acquired disease

Gene Therapy for Acquired Diseases

Gene therapy can also be used to treat life-threatening infections where no other treatment is available. In this case, genetic information is specifically introduced into infected cells with a view to prevent the effective replication of the target pathogen. In this section we describe some of the approaches that have been adopted in the treatment of the most prevalent infectious diseases.

Gene Therapy Strategies for HIV-1 Treatment

Human immunodeficiency virus (HIV) is the causative agent of acquired immunodeficiency syndrome (AIDS) [1]. According to the report from World Health Organization (WHO), in 2009, there were 33.3 million people living with HIV/AIDS, with 2.6 million new infections and 1.8 million deaths due to AIDS ( HIV infection affects a large area and spreads actively ever since it was identified, with a significant number of AIDS deaths occurring in Sub-Saharan Africa [Greener R (2002) AIDS and macroeconomic impact. In S, Forsyth (ed) State of the Art: AIDS and Economics IAEN: pp. 49-55].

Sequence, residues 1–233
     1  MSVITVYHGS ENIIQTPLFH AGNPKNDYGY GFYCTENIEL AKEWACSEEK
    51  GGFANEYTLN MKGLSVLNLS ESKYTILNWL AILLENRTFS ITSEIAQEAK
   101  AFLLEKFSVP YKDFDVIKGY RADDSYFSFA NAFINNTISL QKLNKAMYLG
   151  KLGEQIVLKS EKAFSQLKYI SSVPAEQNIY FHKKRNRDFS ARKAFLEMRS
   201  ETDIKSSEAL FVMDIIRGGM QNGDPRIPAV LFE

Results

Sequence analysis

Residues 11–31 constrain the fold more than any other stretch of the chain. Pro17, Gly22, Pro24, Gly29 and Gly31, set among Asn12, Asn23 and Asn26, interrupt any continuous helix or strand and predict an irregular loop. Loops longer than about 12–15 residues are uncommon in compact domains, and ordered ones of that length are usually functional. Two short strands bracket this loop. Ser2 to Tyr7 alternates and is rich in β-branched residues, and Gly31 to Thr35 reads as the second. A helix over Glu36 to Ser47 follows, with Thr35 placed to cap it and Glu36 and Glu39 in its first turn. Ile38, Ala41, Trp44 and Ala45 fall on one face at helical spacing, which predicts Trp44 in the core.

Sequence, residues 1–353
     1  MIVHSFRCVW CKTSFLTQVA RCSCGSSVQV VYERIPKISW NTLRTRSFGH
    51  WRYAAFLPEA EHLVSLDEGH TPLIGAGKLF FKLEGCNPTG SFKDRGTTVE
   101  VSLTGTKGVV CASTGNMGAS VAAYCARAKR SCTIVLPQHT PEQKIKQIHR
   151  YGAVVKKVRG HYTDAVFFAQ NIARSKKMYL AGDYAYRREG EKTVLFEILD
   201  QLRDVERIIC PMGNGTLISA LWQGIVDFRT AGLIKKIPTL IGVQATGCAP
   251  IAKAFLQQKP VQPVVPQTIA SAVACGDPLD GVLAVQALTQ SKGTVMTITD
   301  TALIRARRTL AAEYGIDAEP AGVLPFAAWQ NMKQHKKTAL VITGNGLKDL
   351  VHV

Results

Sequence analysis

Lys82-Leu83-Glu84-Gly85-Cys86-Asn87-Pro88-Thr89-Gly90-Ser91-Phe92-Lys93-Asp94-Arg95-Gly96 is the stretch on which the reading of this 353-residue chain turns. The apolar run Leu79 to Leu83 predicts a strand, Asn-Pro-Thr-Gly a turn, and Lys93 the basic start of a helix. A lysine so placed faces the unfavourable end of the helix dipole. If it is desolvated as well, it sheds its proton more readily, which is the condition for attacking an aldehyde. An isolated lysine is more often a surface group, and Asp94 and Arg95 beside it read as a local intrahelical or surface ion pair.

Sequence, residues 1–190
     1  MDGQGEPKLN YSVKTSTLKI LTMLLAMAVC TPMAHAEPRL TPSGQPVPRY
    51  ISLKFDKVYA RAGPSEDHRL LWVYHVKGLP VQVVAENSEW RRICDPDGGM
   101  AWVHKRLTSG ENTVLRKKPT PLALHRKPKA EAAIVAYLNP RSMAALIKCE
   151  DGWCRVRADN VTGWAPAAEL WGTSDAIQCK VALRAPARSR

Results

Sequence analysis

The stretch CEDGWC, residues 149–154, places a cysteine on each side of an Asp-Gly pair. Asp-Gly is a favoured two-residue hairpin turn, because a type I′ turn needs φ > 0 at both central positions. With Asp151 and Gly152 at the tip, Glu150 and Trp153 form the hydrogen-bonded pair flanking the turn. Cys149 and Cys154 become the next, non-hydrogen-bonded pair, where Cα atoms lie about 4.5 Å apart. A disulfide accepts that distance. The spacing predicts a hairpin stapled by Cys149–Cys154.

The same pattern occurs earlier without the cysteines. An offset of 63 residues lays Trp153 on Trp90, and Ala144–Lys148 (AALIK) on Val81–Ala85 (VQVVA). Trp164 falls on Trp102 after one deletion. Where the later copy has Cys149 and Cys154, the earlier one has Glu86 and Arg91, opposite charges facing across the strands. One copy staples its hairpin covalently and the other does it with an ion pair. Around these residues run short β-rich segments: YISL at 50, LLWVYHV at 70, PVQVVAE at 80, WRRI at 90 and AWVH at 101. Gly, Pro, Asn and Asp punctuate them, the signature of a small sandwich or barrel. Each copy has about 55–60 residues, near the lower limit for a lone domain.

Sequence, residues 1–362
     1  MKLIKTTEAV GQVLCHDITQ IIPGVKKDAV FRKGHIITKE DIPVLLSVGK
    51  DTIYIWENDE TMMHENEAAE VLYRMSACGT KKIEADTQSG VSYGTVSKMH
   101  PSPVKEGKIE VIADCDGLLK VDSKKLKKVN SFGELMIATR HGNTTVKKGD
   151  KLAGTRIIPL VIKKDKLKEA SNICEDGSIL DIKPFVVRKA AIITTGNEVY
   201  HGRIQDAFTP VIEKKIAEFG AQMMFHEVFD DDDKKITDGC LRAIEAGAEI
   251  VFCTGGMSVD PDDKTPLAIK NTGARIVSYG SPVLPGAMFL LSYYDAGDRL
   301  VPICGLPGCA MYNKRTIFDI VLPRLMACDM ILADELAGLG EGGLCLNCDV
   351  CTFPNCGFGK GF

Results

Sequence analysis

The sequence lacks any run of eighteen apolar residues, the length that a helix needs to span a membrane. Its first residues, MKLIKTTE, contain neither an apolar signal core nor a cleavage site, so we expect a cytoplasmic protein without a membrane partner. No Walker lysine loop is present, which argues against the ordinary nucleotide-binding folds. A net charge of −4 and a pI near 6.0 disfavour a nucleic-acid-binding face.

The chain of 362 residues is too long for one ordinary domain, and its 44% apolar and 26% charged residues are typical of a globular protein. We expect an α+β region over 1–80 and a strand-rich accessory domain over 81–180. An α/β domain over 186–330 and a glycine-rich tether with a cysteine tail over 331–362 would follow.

Regulation of SOD3 Transgene Expression

A number of different enzymes and molecules are involved in the maintenance of reduction-oxidation reaction (redox) balance in tissues. The three mammalian dismutases, cytosolic CuZnSOD (SOD1), mitochondrial MnSOD (SOD2), and extracellular superoxide dismutase (SOD3) are among the most important redox enzymes. They differ by the cellular localization and therefore have slightly different regulation of expression and therapeutic effects in tissue damage recovery suggesting distinct targets for gene therapy. In the current review I focus on the regulation of SOD3 gene expression in tissues and on the effect of SOD3 transgene on signal transduction.

Controlling Gene Expression in Ischemic Tissues

Prolonged ischemic insult can cause irreversible tissue injuries. Despite advances in medical and surgical therapies, myocardial infarction and stroke, both consequences of ischemic insults, remain to be the top two causes of morbidity and mortality in the Western world, with survivals usually carrying permanent disabilities. Treatments that help restoring blood flow to ischemic area remain to be one of the most important therapeutic goals. Enhancing the innate angiogenesis by exogenous delivery of angiogenic factors lessens the ischemic injury. However, uncontrolled angiogenic gene expression can cause some unwanted side effects. In this mini-review, we describe two systems that can be used to mediate hypoxia-inducible and tissue-specific gene expression.